Tuesday, February 12, 2013

The Cost of Psoriasis Treatment

University of California, Davis dermatologist Dr. April Armstrong has done research using data from the files of the National Psoriasis Foundation into various aspects of psoriasis and psoriatic arthritis and how these conditions affect the lives of the more than 5,600 people analysed. Read about it here. 

One of the interesting things to come out of it is the high cost of treatment. 91% Of those studied have some sort of private or public health insurance. Despite that, out of pocket costs for co-pays and other costs are more than $2,500 per year for most patients and can be upward of $600 per month, or more then $7,200 per year. That is an awful lot of money to pay out for treatment, aside from what is being paid by the insurance. That can add a whole lot to the misery that you might feel from fighting these conditions.

We each have to fight it in our own way and I only really know the way that I find best for me. That is to fight it primarily by eating a very healthy diet and living a very healthy lifestyle. I don't smoke and I consume very little alcohol or sodas, all of which can have major detrimental effects on both psoriasis and psoriatic arthritis.

You have to deal with it in the way that you can manage. But, if you are one of those people paying out enormous sums of money to doctors and specialists then your health insurance is likely paying out even larger amounts. If, while this is going on, you are abusing your body by eating all sorts of highly processed or junk food, smoking and drinking large amounts of alcohol or sodas, then think about what you are paying out unnecessarily.

We often hear the argument that it is too expensive to eat healthy, that junk or convenience food is so much cheaper and easier. Add onto your food costs for whatever you are paying out to the medical profession to treat you and that junk food is no longer so cheap. This doesn't only apply to psoriasis and psoriatic arthritis, it also applies to many other conditions that are affected by diet. Many of them are self-inflicted conditions, brought on by over-eating and by eating cheap junk food.

Everyone complains about the high cost of medical insurance and of medical treatment. A major factor in the high cost of insurance is so many people refusing to take personal responsibility for the state of their bodies. We can't help it if we are born with a genetic problem that leads to a disease or health problem but we can help it if we abuse our bodies into bad health. If we do that we should not expect those who do look after themselves properly to help carry the cost of treatment.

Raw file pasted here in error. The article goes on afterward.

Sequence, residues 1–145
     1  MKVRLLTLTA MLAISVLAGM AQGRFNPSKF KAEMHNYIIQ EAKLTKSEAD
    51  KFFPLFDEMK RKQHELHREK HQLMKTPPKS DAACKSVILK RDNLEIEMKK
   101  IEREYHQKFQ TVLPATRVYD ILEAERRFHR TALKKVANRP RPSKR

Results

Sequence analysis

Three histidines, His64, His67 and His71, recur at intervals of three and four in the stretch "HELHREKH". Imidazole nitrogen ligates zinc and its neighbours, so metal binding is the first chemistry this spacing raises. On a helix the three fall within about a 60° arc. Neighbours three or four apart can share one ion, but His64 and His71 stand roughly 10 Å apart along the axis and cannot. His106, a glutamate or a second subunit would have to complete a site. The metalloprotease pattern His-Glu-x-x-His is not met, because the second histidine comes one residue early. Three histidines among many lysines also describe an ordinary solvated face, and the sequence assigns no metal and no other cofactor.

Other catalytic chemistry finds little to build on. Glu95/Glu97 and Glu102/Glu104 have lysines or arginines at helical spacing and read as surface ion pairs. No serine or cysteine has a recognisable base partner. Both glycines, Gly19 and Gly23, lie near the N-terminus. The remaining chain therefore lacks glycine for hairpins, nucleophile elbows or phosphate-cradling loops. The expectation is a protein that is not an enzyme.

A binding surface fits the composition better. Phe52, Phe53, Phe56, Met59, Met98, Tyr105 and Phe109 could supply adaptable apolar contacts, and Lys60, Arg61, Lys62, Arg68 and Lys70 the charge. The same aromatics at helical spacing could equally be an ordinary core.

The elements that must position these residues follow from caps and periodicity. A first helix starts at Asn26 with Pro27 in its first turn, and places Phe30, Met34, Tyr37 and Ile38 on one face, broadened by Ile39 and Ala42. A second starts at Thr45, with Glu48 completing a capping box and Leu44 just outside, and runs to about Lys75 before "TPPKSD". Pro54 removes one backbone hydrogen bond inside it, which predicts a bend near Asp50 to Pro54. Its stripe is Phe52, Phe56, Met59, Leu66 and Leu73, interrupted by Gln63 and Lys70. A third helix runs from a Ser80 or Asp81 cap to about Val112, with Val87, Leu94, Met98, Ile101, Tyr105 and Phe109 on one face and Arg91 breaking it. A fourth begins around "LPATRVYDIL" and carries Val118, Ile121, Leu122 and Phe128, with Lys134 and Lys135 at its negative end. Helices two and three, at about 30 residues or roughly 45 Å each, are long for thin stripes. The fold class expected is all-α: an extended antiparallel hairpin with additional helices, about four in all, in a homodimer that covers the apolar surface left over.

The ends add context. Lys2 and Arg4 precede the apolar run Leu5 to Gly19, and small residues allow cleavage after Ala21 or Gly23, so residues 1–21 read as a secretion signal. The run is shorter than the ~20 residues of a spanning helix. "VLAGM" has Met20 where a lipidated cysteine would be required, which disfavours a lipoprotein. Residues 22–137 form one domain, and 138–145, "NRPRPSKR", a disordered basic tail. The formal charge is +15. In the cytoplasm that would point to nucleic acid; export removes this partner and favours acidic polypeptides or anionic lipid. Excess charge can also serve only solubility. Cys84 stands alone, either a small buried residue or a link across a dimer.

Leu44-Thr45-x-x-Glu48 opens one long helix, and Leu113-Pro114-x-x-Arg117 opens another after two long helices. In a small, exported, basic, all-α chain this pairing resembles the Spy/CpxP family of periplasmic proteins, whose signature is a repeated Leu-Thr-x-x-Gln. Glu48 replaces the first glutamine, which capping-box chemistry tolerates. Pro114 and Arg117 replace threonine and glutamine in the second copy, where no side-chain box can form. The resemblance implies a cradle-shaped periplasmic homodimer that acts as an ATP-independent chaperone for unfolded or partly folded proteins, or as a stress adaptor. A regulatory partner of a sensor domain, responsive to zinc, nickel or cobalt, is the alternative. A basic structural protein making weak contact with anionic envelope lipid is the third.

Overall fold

So, please rethink the way that you eat. Work hard to clean up your bad dietary habits, get more exercise and get out into the sunshine more often. Your body and your wallet may both benefit from the changes.


  1. Hi Dix
    Thanks for the wonderful article. I agree totally that one can make a lot of difference by eating healthy. I know this for a fact.
    However I want to add that equal part is played by one's emotional wellbeing, physical activity in addition to diet.
    For example in my case to start with i never smoked, drink alcohol, my diet has been devoid of sodas,junk food, meat, fried food etc, still i ended up with the condition, it was emotional turmoil that caused it. But once i screwed it up, then even the occasional indulgence of little processed food or some small fried food caused the pains to flare up, i have seen my flare ups are much bad if it is an emotional turmoil. So for me to control this through diet is like walking over a rope, still i prefer it to drugs. I am positive that i need to give time for my body to heal and then i can take some occasional indulgences.

    So yes Diet has a major stake in it, so do other factors like emotional well being and one's outlook to life.

    Health and Happiness to All

    1. Smith, thanks for your input. I agree with you totally that emotional well-being has a major effect on psoriasis and have mentioned that elsewhere on my blog. I try to deal with one basic issue in fairly good detail in each post rather than mix up the issues. I will, no doubt, get back to emotional stress at some time in the future when I have valid new info to discuss.

  2. Hi Dix
    Do you mostly eat organic food, what is your take on Organic vs non organic

    1. I don't buy a lot of organic. There are some foods that are fairly safe from being dangerous to your health due to pesticides and others that you really should buy organic. There is a clear list at http://www.ewg.org/foodnews/ that will guide you on what to buy organic and what not to bother.